Albena Stambolova’s Everything Happens as It Does, which I read in Olga Nikolova’s translation of the Bulgarian novel Tova e kakto stava, knits together events in the lives of a family or two. There’s no dialogue to speak of and everything—life, love, death—just happens because it does, no real questions asked. Meaning the book seems to be about fatalism, which feels a little hypnotizing. The reader doesn’t know much about why anything happens in this book—why Margarita suddenly has a laptop, why her twin brother Valentin follows her, why Boris with the bees ends up a father—but not knowing why is apparently the point. Everything Happens as It Does is told in a flat narrative voice that contributes to the hypnotizing effect of the book and the feeling of inevitability. It couldn’t have been easy for Nikolova to translate.

The Book of Jonah, by Joshua Max Feldman, combines two plotlines: Jonah, a youngish Manhattan lawyer, is trying to make partner at his law firm and trying to decide which of two girlfriends to make his partner outside work; and Judith, a youngish woman whose life has seemed nearly perfect until tragedy hits, is trying to figure out where she fits in the world. Both are Jewish, and Feldman includes a mystical Jewish thread in the book that inspires Jonah to reassess his life and failings. The Book of Jonah had the most promise early on, when it read most like social satire set in New York City, post-crash, during the time of smart phones… there were some funny scenes and lines, which made this the most enjoyable of the three books, but location changes to Amsterdam and Las Vegas felt artificial.

The car in which Heydrich was wounded
Finally, there’s Laurent Binet’s HHhH, which I read in Sam Taylor’s smooth translation from the original French. This novel about writing a historical novel about Josef Gabčík and Jan Kubiš and their mission to assassinate Nazi official Reinhard Heydrich in Prague takes hemming and hawing about detail to extremes: the narrator fusses over historical detail in ways that might inspire respect (he wants to get things right) or annoyance (does the color of Heydrich’s car really, truly matter when Nazism is the topic?). Despite winning a Prix Goncourt du Premier Roman, HHhH doesn’t feel original and shapely enough to be great fiction, and that’s largely because the balances of objectivity-subjectivity and narrator-subject felt askew. That’s not just because Heydrich’s doings—like forming the Einsatzgruppen—were so horrifying and the narrator’s decisions about car color feel so trivial by comparison. All the narrator’s hemming and hawing about familiar thoughts on truth, certainty, and writing fiction ended up padding the book so much that it became a little dull, despite my interest in learning more about Heydrich, Gabčík, and Kubiš. I agree with M.A. Orthofer’s Complete Review assessment that HHhH would make a good young adult novel.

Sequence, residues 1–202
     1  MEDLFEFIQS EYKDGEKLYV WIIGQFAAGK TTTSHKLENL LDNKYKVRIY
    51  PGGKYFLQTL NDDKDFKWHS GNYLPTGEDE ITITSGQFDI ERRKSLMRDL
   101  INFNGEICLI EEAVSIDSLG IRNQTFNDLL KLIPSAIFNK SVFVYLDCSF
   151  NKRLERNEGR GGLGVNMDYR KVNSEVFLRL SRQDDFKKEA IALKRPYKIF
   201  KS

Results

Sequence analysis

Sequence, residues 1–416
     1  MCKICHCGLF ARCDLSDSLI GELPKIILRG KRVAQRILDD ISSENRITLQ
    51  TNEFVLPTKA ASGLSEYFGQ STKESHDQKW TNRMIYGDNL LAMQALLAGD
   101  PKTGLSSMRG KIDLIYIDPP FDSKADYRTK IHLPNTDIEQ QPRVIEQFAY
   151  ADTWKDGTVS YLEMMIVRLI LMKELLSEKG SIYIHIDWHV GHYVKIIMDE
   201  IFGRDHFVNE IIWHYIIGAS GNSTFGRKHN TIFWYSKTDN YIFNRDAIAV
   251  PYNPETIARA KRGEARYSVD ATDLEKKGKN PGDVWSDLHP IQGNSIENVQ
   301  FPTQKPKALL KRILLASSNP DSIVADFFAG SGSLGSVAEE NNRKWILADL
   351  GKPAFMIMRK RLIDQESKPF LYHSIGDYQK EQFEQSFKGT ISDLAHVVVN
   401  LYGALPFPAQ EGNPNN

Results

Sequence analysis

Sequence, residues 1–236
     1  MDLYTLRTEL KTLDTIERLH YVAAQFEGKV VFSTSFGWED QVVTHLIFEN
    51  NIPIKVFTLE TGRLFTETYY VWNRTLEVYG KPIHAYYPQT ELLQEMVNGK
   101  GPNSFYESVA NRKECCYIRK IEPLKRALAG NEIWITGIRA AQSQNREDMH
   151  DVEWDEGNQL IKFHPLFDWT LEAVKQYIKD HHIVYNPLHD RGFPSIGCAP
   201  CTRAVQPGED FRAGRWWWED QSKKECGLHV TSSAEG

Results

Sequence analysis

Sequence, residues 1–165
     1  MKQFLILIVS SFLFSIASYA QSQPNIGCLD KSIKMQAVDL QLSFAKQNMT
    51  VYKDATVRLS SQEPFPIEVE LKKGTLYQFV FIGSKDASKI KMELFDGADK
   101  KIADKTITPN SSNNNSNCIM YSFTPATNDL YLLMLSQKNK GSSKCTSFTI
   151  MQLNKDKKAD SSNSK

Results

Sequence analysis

Disclaimers: I received Everything Happens as It Does from Open Letter Books and The Book of Jonah from Henry Holt and Company. Thanks to both!

Up Next: It remains to be seen…

Photo: Creative Commons, from Bundesarchiv.

Saturday, February 15, 2014

Lost and Found: The Missing Year of Juan Salvatierra

Pedro Mairal’s The Missing Year of Juan Salvatierra—which I read in Nick Caistor’s translation of a book known in Spanish as simply Salvatierra—is a wonderful sliver of a novel narrated by a man who returns to his hometown after his father’s death. He comes back to sort through his father’s art but the skeleton of the story, which is a mystery of sorts, is fairly (arche)typical—return to childhood places, family secrets, and so on—so it’s Mairal’s details, atmosphere, and vivid description that keep Salvatierra intresting.

Juan Salvatierra loses the ability speak as a child then becomes a postal worker and artist as a man, painting one huge mural a year to depict events in his life. After Salvatierra’s death, a European museum buys the rolls of canvas, which have been stored away in a shed and would measure a total of two miles, unrolled. Everything’s there but one roll, the missing year of the title: 1961, when the narrator was ten.

In Salvatierra, art imitates life, life imitates art, art imitates art, and art helps resurrect lost memories. Through his art, Salvatierra also shows his sons his life before they were born, including his own wedding, where veins—bloodlines—join and even flow into the river. The bloodlines also flow from the past into the present, and the river plays a key part in solving the mystery of the missing mural. It’s not just blood and the river that flow: the whole book flows, flows, flows, through memories and murals and old acquaintances.